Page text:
Nationally, 53.6 percent of women had protection through vaccination when they were pregnant during the 2016-17 flu season — with 16.2 percent of those having been vaccinated before they became pregnant and 37.4 percent having been vaccinated while they were pregnant. In Georgia, birth data shows that just 15 percent of women got a flu shot in pregnancy in 2016.

A third area of concern is that pregnant women should be getting the Tdap vaccine early in the third trimester. This vaccine will provide whooping cough protection to the baby after birth via the maternal antibodies that will pass through the placenta. Nationally, 49 percent of pregnant women are getting this vaccine, while in Georgia only 18 percent are getting it.


A fourth area for improvement involves smoking. While Georgia’s numbers are better than the national average in this measure, any “maternal smoker” is one too many. Mothers who smoke during pregnancy are 1.59 times more likely to deliver a LBW baby compared to nonsmokers. Moreover, maternal smoking is present in the records of more than 35 percent of Georgia’s 2015 sleep-related infant deaths, which is significantly disproportionate to the 5.7 percent of Georgia mothers who indicated smoking during pregnancy.

Finally, some of our mothers and babies are still missing out on the benefits of breastfeeding. We now have a plethora of research regarding the health benefits for both baby and mother. Research shows that an infant who is breastfed for just three months will save at least $750 in medical expenses in his or her first year of life. Notably, breastfeeding is also associated with a 36 percent reduction in the risk of SIDS. While Georgia has made significant progress in the percentage of mothers who initiate breastfeeding, going from 69 percent to 80 percent in one year, that rate still trails the national average of 82.5 percent.Moreover, only 21 percent of Georgia babies are exclusively breastfeeding for six months despite that medical recommendation, with 25 percent achieving that goal nationally.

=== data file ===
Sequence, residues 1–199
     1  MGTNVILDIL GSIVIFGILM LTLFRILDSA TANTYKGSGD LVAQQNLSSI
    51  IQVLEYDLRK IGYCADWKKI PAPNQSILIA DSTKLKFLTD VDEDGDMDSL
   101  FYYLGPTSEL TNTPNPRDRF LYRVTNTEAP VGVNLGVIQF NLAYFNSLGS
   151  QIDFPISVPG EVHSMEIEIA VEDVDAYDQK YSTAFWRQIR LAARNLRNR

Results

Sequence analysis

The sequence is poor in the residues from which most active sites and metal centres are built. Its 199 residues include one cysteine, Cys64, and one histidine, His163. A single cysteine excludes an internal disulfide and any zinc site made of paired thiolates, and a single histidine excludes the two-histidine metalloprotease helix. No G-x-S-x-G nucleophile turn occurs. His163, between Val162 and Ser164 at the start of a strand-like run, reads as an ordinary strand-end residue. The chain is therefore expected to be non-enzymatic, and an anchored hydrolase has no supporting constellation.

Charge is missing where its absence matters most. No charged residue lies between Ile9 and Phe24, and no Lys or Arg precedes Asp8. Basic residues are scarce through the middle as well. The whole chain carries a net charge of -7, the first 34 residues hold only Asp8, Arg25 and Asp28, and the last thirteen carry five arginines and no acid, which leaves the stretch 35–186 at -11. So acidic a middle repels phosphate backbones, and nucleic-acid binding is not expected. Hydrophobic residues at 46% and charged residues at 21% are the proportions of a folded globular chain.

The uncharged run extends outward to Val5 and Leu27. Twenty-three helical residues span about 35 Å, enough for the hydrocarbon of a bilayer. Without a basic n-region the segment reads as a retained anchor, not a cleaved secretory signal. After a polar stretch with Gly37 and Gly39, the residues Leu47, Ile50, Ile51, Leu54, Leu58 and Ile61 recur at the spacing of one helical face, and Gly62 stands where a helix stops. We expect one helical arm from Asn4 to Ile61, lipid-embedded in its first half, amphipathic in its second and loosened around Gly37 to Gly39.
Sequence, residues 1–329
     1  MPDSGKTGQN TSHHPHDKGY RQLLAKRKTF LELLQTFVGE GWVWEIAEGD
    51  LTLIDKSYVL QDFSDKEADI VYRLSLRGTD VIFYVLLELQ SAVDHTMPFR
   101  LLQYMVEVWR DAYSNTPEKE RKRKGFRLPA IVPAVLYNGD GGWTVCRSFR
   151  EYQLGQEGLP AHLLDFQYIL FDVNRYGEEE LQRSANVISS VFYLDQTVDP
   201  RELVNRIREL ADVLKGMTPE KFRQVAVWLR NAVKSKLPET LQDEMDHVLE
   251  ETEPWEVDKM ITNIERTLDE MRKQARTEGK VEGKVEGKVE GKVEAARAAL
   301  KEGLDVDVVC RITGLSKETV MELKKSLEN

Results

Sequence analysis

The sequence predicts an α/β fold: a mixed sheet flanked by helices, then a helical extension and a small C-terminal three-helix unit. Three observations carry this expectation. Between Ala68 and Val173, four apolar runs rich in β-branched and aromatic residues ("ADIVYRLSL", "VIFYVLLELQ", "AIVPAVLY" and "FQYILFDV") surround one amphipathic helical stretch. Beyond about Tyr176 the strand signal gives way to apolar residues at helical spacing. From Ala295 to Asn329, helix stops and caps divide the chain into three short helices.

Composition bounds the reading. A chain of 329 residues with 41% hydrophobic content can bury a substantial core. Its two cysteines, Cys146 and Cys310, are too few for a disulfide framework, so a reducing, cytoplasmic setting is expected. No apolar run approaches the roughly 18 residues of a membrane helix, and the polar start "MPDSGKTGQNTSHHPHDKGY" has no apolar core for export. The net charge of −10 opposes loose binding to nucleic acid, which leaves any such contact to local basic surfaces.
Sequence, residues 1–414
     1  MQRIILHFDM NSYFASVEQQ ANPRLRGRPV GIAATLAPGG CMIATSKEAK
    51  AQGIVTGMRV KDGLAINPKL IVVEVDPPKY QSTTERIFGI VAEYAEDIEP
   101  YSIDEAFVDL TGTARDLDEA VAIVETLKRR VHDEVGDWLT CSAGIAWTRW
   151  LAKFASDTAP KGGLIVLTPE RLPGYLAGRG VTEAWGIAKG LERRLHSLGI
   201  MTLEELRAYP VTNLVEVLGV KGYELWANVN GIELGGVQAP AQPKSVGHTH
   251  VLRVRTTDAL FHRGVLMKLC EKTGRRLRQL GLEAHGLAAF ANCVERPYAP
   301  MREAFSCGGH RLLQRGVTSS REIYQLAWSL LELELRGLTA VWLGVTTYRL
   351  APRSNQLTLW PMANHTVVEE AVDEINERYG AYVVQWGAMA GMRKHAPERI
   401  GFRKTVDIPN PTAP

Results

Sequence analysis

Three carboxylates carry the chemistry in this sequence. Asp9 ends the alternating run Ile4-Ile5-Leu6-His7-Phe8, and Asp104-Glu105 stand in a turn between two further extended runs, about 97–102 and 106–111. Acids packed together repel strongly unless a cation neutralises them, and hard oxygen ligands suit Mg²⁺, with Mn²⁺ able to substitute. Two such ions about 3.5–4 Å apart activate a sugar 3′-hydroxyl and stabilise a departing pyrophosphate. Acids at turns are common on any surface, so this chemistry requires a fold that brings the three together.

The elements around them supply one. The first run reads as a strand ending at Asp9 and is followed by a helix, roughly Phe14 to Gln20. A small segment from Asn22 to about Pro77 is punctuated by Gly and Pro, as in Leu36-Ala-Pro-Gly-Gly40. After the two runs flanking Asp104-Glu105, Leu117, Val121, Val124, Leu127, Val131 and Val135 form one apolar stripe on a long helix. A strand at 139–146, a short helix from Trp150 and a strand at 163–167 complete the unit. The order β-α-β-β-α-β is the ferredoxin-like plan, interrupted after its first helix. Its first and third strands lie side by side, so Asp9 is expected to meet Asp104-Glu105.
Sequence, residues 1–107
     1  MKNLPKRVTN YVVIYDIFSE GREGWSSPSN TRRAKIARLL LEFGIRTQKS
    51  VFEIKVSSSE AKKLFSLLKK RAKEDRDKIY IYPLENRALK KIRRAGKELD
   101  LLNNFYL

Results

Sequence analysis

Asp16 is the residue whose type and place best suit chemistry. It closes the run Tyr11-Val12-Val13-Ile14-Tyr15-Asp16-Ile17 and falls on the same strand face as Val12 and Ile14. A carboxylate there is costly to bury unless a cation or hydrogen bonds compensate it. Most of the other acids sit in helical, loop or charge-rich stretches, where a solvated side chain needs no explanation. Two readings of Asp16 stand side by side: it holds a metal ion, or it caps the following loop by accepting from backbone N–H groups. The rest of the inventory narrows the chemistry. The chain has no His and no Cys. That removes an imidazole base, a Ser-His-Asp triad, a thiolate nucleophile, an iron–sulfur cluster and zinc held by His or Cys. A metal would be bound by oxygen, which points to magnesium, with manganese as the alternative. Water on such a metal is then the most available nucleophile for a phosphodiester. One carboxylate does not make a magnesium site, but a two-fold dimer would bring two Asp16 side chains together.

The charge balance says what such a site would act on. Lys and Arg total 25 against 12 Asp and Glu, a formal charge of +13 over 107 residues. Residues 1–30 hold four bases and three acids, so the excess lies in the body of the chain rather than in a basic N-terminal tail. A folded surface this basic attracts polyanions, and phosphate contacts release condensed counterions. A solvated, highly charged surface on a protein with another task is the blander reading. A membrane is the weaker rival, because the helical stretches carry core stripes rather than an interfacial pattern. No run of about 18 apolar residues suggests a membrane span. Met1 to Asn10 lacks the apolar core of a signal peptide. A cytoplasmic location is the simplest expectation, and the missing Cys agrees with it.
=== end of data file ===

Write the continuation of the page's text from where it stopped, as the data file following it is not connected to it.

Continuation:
No one should be satisfied with Georgia’s numbers. Our infants are the future of our state. Addressing these issues will support a healthy future workforce, as well as save the state significant health care dollars. Everyone needs to join in taking action to educate and assist Georgia mothers with these measures so that more of Georgia’s babies will be able to count their own birthdays.

Merrilee Gober, a native of Atlanta, earned her nursing degree from the Medical College of Georgia and her law degree from Georgia State University College of Law. Her professional career includes being an OB nurse, a litigation attorney, and a medical practice administrator. She is a past-president and current board member of Healthy Mothers, Healthy Babies Coalition of Georgia, the immediate past-president and current board member of the Medical Association of Georgia Alliance, and she serves on the Board of Advisors to the Georgia State University School of Public Health.